Fans of great food know that Chinese cuisine has become a favorite around the world today. Chinese food and Chinese restaurants can now be found from Asia to the Americas, Australia, Western Europe and Southern Africa too. Chinese cuisine has had centuries to develop into what we call traditional Chinese food today, but few people realize that the roots of Chinese cooking come from just eight main styles, or traditions that were once distinctly separate types of dishes, each from a different part of China.
Among eight original traditions, Yue or Cantonese style, Sichuan cuisine, and Lu Shandong cuisine are the three most predominant styles found around the world today. And like all Chinese dishes, these three styles are influenced by the geographical location, climate, vegetation growth, lifestyle, and specific cooking utensils used in the areas they come from. The amount of salt, spices and sugar in the dishes also varies greatly, with the food getting saltier in those areas nearer the sea.
Yue/Cantonese cuisine is one of the best known Chinese styles in the world and includes dishes like Sweet and Sour Pork or Chicken Stir-Fry, both very well known dishes here in the U.S. The Yue cuisine comes along with customs like drinking tea with small, hearty dishes. In the Yue tradition, drinking tea is an everyday routine, and many people eat Dim Sum in the morning while they drink tea.
Sichuan style Chinese cuisine is another culinary tradition known around the world today and is usually identified by a bold, spicy taste with unique flavors. The extreme spiciness of Sichuan cuisine comes from the use of Zhitianjiao, also known as the Sichuan chili.
The Lu Shandong style is another internationally famous cuisine that has a long history and played an important part in the Imperial Cuisine of ancient China. The Lu style cuisine's most famous dish is Beijing roast duck, also widely known as Peking duck and treasured for its unique flavors.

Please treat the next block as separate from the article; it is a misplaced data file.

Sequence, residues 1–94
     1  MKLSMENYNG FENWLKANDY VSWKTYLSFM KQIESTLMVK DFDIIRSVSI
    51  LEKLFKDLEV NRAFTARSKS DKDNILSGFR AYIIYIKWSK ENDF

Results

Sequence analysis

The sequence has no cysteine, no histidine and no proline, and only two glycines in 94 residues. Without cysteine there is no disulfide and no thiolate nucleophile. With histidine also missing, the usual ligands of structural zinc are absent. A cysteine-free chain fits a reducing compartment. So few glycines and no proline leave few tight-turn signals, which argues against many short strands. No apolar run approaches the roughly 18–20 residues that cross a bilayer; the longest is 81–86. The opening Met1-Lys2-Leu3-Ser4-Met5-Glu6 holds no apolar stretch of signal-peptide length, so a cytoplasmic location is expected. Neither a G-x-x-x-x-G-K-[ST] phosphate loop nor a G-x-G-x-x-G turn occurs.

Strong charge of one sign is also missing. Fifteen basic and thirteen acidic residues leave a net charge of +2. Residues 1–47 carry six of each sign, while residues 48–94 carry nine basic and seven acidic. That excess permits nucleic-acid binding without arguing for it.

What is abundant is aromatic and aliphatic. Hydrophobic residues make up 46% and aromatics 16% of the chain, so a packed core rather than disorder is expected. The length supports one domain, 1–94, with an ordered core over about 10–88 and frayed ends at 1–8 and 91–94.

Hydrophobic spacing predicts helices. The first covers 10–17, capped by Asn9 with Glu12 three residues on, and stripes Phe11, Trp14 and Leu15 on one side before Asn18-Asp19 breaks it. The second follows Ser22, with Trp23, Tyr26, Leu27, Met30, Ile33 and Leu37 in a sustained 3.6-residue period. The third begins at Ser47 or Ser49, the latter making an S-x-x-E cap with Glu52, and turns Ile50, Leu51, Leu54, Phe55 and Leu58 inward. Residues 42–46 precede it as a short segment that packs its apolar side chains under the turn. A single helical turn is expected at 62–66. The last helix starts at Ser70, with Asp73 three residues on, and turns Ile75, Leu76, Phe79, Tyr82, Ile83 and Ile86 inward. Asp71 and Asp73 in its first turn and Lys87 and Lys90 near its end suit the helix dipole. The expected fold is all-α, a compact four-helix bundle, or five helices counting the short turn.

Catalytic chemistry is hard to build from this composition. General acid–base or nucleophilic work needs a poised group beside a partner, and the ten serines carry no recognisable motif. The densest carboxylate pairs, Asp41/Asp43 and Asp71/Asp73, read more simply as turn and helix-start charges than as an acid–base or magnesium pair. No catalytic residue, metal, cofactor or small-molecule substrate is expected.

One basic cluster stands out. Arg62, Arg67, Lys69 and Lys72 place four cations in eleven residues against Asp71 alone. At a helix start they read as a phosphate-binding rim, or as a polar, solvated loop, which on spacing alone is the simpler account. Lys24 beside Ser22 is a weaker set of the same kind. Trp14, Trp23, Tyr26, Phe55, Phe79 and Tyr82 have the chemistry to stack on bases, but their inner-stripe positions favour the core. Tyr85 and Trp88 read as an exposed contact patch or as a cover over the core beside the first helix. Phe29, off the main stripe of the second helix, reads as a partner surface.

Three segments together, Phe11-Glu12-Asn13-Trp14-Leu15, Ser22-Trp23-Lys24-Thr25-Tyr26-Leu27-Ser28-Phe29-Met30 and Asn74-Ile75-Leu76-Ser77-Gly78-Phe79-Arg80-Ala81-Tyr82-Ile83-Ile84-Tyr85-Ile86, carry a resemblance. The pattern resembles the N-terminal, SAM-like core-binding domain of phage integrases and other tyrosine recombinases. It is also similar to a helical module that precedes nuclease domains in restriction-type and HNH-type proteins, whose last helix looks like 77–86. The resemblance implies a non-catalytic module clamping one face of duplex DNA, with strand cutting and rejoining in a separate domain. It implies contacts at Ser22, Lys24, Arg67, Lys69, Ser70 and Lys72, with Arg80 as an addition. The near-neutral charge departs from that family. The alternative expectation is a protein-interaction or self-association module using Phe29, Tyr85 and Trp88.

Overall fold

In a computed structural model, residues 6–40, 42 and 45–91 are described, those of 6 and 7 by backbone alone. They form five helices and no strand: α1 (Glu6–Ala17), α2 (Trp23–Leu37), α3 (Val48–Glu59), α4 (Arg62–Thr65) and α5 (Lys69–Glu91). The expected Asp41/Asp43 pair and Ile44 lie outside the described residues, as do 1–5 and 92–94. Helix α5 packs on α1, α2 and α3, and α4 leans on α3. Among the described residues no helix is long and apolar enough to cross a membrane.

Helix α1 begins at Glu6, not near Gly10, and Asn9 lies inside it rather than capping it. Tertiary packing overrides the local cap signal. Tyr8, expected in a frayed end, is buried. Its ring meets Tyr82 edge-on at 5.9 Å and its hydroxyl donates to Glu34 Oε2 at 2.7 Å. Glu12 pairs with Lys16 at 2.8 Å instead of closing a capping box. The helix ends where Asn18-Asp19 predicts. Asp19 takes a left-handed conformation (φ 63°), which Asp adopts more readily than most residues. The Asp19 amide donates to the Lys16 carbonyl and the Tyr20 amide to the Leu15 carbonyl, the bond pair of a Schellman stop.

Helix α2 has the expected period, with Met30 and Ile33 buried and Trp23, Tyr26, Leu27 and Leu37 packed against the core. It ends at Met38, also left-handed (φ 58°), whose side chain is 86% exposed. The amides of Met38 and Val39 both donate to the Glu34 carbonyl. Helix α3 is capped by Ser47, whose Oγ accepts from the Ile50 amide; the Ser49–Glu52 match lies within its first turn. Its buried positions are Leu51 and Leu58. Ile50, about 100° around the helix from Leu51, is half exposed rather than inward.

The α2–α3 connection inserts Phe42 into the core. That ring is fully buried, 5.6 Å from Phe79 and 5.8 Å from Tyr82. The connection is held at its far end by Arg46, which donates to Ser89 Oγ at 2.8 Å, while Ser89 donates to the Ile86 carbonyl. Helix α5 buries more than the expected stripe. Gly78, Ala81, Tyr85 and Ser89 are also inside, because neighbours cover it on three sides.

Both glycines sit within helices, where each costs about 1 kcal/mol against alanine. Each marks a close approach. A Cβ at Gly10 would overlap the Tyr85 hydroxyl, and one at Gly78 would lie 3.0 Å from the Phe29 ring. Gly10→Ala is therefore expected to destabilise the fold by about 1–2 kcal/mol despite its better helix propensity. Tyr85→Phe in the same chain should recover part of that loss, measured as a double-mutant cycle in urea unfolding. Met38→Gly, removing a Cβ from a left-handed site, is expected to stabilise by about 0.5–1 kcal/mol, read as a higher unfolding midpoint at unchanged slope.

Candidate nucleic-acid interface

Beyond the first three main traditions, the Min, Hui, and Xiang cuisines are also quite popular today. Min cuisine comes from the Fujian province and is famous for its use of hundreds of types of seafood. Min chefs specialize in preparing delicious seafood that has no raw fish smell. The Hui cuisine originated in the Anhui province of China and employs local herbs and vegetables like fresh bamboo and edible mushrooms as the main ingredients instead of seafood. The Xiang cuisine is another popular Chinese style that emphasizes spiciness along with aroma and deep colors using a wide range of vegetables that grow in its native region.
The Su cuisine comes from several provinces in the Yangtze River area and includes a wide variety of meat, seafood, vegetables, and seasonings. Some of the most famous Su dishes include salted dried duck and steamed beef jerky strips. Last but not least, is the Zhe cuisine, which originated in the Zhejiang Province. Food prepared in the Zhe cuisine tradition is fresh with fragrance and lightly seasoned.
The great expanse of China has obviously also spawned other types of minority native rural cuisines, but they have not had the attention or exposure that the eight original Chinese cuisine traditions have had, and they are not well known outside of China today. However, when you sit down in a Chinese restaurant in the U.S. today, you can be sure the menu will offer selections from one or more of the eight great original traditions of Chinese cooking.